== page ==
Romania: Dan Diaconescu goes from trash TV to shock politics
6 April 2012
Famous for his crassly commercial – and popular – television shows, the owner of the OTV private television channel last year founded his own political movement, the Peoples' Party. A few months ahead of important elections in June, he's the front-runner in the opinion polls. This worries Romanian daily România Libera.
If it did not already exist, someone would certainly invent a party with the aspirations and the profile of the People's Party [the PPDD, centrist]. The proof is that this political party led by the owner of OTV is the front-runner in the forecasts, in the latest opinion polls, for the electoral results.
Between 12% and 14% of those polled say they will vote for his party. That's a higher percentage than the ruling Liberal Democratic Party (PDL). This means that Diaconescu's party will be unavoidable in negotiations for the transmission of power in 2012 [local elections are scheduled on June 10 and legislative elections in November].
Those close to Diaconescu could find themselves in key government positions. But who are the PPDD's leaders? They are essentially dodgy business executives, dishonest civil servants, the notoriously career-oriented or members of high society.
Shouters win elections
It is, nonetheless, difficult to explain the rise of this party. To answer this riddle, the words of Dan Diaconescu are helpful. In a 2009 interview to the daily, Gandul, the owner of OTV was asked to explain the success of his television show called Oglinda TV [Mirror TV]. He said that in general he tried to attract people that would make the ratings go up. "What kind of people are those?" asked the journalist. "Ones that gesticulate, shout, use foul language and make grammar mistakes with whom the viewer can identify," Diaconescu responded.
The people described by the TV programme producer were, as they are today, for the most part those that evolve in Romania's public sphere. "People who gesticulate, shout, use foul language" are those that, in general, win elections in Romania, those that tout themselves as either trend setters or analysts, those who claim to have things to say in this country.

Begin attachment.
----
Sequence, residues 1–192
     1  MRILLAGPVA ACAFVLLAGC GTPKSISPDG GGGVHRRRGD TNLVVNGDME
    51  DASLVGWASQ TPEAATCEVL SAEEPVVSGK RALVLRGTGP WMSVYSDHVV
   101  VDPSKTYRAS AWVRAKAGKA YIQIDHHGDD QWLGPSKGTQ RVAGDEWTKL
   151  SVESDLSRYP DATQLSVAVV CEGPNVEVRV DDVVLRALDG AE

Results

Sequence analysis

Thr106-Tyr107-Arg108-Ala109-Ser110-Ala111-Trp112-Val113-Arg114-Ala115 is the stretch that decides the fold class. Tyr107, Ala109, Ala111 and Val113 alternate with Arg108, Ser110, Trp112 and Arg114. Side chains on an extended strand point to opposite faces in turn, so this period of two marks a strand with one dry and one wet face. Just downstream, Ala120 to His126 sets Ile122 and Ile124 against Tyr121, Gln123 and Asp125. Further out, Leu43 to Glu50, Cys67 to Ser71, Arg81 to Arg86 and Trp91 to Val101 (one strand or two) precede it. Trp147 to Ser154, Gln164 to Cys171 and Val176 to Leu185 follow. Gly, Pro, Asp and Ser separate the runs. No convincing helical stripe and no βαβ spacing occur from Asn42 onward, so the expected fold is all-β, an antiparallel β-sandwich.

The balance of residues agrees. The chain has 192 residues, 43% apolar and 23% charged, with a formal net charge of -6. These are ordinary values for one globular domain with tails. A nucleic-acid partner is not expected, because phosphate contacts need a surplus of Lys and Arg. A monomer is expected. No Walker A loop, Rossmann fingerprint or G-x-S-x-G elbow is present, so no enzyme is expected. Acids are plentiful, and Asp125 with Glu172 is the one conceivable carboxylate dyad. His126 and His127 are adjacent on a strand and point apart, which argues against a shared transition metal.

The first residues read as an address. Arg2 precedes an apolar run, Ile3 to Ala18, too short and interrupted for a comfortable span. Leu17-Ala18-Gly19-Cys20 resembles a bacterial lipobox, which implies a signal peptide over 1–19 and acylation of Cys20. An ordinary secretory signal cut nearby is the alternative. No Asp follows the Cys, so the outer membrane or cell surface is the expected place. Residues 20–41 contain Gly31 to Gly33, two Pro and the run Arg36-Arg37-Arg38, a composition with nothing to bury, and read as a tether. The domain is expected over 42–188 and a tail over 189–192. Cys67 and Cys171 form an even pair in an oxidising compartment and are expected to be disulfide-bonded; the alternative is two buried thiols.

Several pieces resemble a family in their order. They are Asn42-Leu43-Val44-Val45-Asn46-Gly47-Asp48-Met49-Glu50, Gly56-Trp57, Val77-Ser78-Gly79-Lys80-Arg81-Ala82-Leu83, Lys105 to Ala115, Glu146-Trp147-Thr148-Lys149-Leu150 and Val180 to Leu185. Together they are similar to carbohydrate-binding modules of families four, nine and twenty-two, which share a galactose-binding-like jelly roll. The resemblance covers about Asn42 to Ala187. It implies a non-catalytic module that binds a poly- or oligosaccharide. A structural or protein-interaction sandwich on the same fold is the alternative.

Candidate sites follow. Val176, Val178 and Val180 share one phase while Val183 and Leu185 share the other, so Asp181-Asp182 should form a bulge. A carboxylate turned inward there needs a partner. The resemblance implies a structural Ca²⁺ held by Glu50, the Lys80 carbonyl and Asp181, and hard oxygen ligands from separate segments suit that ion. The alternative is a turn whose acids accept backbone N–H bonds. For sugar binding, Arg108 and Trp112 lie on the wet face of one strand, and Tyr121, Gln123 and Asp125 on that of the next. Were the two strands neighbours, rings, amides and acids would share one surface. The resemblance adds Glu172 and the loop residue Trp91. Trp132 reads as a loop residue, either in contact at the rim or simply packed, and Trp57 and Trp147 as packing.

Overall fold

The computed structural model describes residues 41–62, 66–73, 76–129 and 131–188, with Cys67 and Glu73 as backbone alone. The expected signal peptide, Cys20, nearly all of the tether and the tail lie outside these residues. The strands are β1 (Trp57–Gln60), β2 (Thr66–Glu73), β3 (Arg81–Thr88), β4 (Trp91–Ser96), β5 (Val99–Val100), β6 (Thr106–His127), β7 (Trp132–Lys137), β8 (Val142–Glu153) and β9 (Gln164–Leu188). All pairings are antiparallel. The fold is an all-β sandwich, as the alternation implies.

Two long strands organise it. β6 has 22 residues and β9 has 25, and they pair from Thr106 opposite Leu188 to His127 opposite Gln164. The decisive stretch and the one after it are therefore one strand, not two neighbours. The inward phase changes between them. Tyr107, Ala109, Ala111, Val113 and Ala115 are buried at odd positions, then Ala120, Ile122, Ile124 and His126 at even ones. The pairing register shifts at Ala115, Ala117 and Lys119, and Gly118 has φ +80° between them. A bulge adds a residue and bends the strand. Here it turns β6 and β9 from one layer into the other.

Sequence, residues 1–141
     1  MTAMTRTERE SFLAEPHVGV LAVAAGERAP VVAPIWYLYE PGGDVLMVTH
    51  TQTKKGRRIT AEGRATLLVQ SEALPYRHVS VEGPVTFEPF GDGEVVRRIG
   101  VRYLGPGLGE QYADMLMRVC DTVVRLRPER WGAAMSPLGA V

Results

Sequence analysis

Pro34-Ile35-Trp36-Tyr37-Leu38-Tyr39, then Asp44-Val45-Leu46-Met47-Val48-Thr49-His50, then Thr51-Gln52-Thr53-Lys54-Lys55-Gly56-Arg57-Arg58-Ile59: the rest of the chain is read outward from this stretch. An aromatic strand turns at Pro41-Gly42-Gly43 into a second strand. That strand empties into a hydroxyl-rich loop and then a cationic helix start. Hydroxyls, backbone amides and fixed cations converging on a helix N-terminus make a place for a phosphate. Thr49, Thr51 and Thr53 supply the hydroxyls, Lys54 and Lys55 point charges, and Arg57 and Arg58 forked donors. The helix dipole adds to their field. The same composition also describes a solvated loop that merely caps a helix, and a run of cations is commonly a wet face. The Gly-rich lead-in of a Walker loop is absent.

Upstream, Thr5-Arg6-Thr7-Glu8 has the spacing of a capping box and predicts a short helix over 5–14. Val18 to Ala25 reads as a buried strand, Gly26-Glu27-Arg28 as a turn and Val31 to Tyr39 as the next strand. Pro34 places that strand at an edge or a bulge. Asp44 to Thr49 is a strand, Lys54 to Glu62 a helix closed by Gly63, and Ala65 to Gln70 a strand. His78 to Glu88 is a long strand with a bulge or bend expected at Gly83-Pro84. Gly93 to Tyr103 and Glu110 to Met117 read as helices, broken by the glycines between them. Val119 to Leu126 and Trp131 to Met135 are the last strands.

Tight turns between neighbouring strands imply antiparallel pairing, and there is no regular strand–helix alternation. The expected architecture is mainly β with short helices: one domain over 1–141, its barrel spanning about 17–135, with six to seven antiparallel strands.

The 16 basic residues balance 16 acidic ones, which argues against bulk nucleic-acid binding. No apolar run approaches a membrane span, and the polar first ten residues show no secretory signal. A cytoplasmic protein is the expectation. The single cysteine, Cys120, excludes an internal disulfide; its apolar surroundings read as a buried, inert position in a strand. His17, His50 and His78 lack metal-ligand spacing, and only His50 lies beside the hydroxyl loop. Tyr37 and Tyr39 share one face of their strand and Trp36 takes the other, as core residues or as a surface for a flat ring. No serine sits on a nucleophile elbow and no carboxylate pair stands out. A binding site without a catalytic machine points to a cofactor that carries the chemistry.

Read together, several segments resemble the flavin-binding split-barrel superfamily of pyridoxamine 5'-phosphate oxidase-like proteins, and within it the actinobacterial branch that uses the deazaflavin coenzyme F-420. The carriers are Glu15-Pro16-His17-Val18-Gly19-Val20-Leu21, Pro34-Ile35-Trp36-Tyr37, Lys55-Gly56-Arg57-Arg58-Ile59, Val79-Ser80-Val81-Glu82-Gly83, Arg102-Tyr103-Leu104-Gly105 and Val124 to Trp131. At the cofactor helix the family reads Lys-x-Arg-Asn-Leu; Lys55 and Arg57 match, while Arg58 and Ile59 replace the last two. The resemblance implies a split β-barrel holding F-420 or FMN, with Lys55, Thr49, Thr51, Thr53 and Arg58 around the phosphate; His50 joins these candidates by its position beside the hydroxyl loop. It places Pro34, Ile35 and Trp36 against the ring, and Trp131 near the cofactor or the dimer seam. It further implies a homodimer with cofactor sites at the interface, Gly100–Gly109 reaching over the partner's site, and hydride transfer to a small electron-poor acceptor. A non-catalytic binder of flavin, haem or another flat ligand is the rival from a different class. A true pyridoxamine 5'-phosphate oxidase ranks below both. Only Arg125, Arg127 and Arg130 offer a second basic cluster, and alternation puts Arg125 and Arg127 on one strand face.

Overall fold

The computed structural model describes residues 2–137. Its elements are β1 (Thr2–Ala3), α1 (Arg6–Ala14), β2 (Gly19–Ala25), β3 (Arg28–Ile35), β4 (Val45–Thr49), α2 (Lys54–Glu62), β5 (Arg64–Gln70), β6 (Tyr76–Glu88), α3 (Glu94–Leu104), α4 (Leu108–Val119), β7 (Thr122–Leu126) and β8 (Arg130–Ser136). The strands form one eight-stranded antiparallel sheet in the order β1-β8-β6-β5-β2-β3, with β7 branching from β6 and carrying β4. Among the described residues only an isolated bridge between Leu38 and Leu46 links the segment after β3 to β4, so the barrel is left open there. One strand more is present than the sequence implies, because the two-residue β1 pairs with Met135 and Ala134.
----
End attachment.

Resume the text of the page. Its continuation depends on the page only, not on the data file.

Furthermore, over the years, Diaconescu's TV studios have witnessed a parade of first class personalities such as President Traian Băsescu, Bucharest Mayor Sorin Oprescu (left-wing opposition), Victor Ponta (PSD), Silviu Prigoană (the new PDL candidate for the mayor of Bucharest post) or former Minister of Tourism Elena Udrea.
And, over time, carried by the public love which manifested itself through his television audiences and through his guests, Dan Diaconescu became a political monster. His 2010 arrest for extortion of funds was but an episode in his career, one which, with hindsight, seems to have had for only effect to reinforce his image as a martyr for the people.
One of the most hideous creatures
Now Diaconescu cannot be brushed off as he was in the past. From the tribune of the People's Party flows a demented nationalism, waves of insults and abject calumny regarding his adversaries – real or imagined. But all this, rather than revolting it, seems to please a good part of the population.
Diaconescu's ascent is reminiscent of that of Corneliu Vadim Tudor [leader of the Greater Romania Party and today a member of the European Parliament] who made it to the run off round in the 2000 presidential ballot.
But the two cases are not totally comparable. Dan Diaconescu is the creation of an important segment of the electorate, generally uneducated and frustrated, but also of a political class that encouraged the owner of OTV, hoping to benefit from at least the crumbs of his success.
Under these conditions, it can be said that the People's Party represents one of the most hideous creatures of Romanian society. It is not by chance that his showcase is called Mirror TV.